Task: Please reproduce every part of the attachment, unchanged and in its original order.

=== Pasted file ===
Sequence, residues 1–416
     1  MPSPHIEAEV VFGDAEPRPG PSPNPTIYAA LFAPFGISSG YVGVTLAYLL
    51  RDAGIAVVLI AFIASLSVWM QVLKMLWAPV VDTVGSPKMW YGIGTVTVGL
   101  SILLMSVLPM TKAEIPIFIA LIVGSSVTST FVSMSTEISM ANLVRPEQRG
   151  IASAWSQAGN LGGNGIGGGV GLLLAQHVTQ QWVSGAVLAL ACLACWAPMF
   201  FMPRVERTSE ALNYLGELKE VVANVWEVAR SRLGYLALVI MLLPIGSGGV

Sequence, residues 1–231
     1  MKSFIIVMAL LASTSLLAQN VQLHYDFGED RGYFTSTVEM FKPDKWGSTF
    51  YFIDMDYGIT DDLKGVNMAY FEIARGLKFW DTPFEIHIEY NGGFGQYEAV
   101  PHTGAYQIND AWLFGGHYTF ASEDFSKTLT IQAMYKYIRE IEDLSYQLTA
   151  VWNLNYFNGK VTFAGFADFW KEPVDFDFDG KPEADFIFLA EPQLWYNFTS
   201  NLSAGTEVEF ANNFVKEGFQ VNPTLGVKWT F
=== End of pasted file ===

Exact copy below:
Sequence, residues 1–416
     1  MPSPHIEAEV VFGDAEPRPG PSPNPTIYAA LFAPFGISSG YVGVTLAYLL
    51  RDAGIAVVLI AFIASLSVWM QVLKMLWAPV VDTVGSPKMW YGIGTVTVGL
   101  SILLMSVLPM TKAEIPIFIA LIVGSSVTST FVSMSTEISM ANLVRPEQRG
   151  IASAWSQAGN LGGNGIGGGV GLLLAQHVTQ QWVSGAVLAL ACLACWAPMF
   201  FMPRVERTSE ALNYLGELKE VVANVWEVAR SRLGYLALVI MLLPIGSGGV

Sequence, residues 1–231
     1  MKSFIIVMAL LASTSLLAQN VQLHYDFGED RGYFTSTVEM FKPDKWGSTF
    51  YFIDMDYGIT DDLKGVNMAY FEIARGLKFW DTPFEIHIEY NGGFGQYEAV
   101  PHTGAYQIND AWLFGGHYTF ASEDFSKTLT IQAMYKYIRE IEDLSYQLTA
   151  VWNLNYFNGK VTFAGFADFW KEPVDFDFDG KPEADFIFLA EPQLWYNFTS
   201  NLSAGTEVEF ANNFVKEGFQ VNPTLGVKWT F